Japanese Fashion designer Kenzo Takada commanded the world’s attention in 1970 when he started his namesake brand’s Paris boutique on Galerie Vivienne. Decked out with eclectic patterns that eschewed popular trends, Takada’s kimono-inspired garments and designer women’s sneakers and accessories captured the essence of a multicultural world–and cemented his legacy in the fashion world for decades to come.
Fast forward to 2017, Takada, who resigned from Kenzo in 1999, has kept busy by pursuing fine arts and contemporary interior design. His most recent design endeavour could be his most impactful yet. Roche Bobois commissioned Takada to redesign the brand’s iconic Mah Jong couch, originally made by Hans Hopfer in 1971. Using jacquard cloth from his Nogaku Collection, Takada re-imagined the piece in three distinctive colour schemes that signify morning (asa), day (hiru), and night (yoru). Additionally, he made a line of display furniture featuring modern-leaning cushions, clay earthenware, side tables, and hand-tufted rugs. The end result is a cohesive group of interior furnishings which blends perfectly Takada’s experience in detail and pattern with Roche Bobois’s distinctive silhouettes.
We sat down with the designer, who divulged details about his upbringing in Japan, his daring journey into fashion, and his current endeavours in the design sphere.
Where did you grow up and how did it affect your work?
Kenzo Takada: I grew up in Himeji, Japan, in a traditional home where my parents hosted in-house tea ceremonies. My sisters were interested in fashion and would always bring home magazines filled with fashionable clothes, stylish ankle boots and makeup and hair trends, where I found the joy of colour. I was about 14 years old. I then chose to study fashion and proceed to Paris where I have lived for more than 50 years.
Before I established Kenzo in 1970, I had to create an identity. I had been working for a few companies already, but no longer wanted to follow fashion trends. I travelled back to Japan and purchased some traditional textiles which I mixed together in a French fashion that the market hadn’t yet seen. Not only did this cause a stir in Vogue at the moment, but the experience helped inform much of my future work.
How did the collaboration with Roche Bobois come about?
Kenzo Takada: We first spoke about Mah Jong two decades back. I revealed to Roche Bobois three colour ideas and they were immediately on board. The whole concept for Mah Jong is inspired by vintage kimonos and traditional patterns from Japanese Noh theatre. It felt very natural. The mixing of patterns and colour is quite close to the way I work in fashion. The most important thing is to be compatible.
Tell us about the collaborative procedure.
Kenzo Takada: Six Months after we began, I visited Roche Bobois’s factory in Italy to see how it turned out for myself. It was overwhelming to choose the direction for the style and pattern choices. By viewing the cutting and stitching of cloth, my thoughts began to become clearer. The whole project only came together six months ago. There has been a whole lot of back and forth to perfect the various patterns.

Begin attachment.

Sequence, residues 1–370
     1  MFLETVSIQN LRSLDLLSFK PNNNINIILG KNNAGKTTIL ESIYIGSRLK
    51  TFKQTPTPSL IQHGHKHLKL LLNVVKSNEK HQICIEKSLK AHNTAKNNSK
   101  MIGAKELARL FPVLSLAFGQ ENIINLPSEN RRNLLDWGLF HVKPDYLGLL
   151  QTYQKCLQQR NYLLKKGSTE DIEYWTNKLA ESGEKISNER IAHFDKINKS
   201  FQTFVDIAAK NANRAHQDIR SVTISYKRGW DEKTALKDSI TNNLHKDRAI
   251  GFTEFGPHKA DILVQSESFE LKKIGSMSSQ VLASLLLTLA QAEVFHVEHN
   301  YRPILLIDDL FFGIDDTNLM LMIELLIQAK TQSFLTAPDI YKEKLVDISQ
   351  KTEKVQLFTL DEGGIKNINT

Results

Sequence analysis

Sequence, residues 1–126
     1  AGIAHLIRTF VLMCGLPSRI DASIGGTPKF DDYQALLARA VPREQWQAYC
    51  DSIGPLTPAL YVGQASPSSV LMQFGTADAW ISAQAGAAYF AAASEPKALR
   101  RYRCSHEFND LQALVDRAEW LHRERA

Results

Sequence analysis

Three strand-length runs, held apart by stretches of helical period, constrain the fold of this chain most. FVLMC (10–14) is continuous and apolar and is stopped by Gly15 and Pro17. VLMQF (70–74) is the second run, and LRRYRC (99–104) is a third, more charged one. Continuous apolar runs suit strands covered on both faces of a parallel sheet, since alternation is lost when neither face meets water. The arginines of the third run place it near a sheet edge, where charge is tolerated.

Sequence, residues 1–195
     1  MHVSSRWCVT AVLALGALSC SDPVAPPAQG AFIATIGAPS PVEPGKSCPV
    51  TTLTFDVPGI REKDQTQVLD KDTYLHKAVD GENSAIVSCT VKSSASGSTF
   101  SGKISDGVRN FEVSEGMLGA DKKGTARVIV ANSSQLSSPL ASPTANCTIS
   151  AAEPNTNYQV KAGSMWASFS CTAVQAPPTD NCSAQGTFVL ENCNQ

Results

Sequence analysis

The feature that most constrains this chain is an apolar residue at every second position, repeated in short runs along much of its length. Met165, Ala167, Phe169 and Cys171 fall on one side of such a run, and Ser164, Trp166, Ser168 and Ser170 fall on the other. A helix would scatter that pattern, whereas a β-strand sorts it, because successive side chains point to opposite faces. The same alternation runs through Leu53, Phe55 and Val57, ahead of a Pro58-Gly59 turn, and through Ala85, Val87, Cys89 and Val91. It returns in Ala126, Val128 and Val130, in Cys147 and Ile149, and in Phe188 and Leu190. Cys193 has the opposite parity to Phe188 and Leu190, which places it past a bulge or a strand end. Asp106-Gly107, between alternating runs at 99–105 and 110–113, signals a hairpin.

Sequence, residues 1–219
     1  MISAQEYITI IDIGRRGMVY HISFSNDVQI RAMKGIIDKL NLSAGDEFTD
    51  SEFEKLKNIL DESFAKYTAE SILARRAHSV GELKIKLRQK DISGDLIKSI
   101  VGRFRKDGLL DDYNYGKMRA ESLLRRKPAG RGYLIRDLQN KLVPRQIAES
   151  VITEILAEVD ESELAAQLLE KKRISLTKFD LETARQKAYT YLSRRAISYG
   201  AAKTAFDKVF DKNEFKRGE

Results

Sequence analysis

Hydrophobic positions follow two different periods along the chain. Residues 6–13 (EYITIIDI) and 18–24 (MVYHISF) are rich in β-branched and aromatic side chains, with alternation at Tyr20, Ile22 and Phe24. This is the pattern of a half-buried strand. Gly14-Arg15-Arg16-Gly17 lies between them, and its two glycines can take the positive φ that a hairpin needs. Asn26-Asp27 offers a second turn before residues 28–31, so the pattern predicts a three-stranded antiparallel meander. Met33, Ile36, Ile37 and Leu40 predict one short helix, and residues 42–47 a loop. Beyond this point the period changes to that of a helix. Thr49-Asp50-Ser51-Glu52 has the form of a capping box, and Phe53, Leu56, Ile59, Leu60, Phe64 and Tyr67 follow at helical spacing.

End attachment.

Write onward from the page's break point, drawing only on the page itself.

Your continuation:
After producing the couch, we decided to branch out and design accessories–loose cushions, ceramics, and rugs–which draw the collection together. The original plan was just to have one colour. I introduced a manly colour and a couple of feminine colours, but we could not decide on just one, so we made all three. They were quite open to using three unique colours.
Your Designs merge adventures in both France and Japan. How can those translate to Mah Jong?
Kenzo Takada: I closely follow French style and trends, but the one thing I understand better is Japanese heritage. This is evident in Mah Jong.
After you retired from Kenzo in 1999, what drove your foray into art and design?
Kenzo Takada: Both On the professional and personal side, I have always been drawn to both museum art and design. Kenzo even branched out into lines of home accessories and products. I noticed that I have been buying a growing number of design objects and home products, also.
What is the most exciting intersection of style and style?
Kenzo Takada: They share the same inspiration and objective; the realized dream.
What’s your hottest interiors pet peeve?
Kenzo Takada: I love harmony. Interiors should be joyful and tasteful. Anything too contemporary risks missing the mark, I’d love to see more of a mixture of contemporary and classic in a way that is harmonious.
Pencil, pen, or pc?
Kenzo Takada: Pencil. When I get motivated, I really like to sketch. Working by hand brings more depth and awareness to the product that you’re working on.
A Secret source you are willing to share?
Kenzo Takada: Revisiting ancient Japanese materials and traditional craftsmanship.
And there you have it, our meeting with the mind behind the Kenzo brand.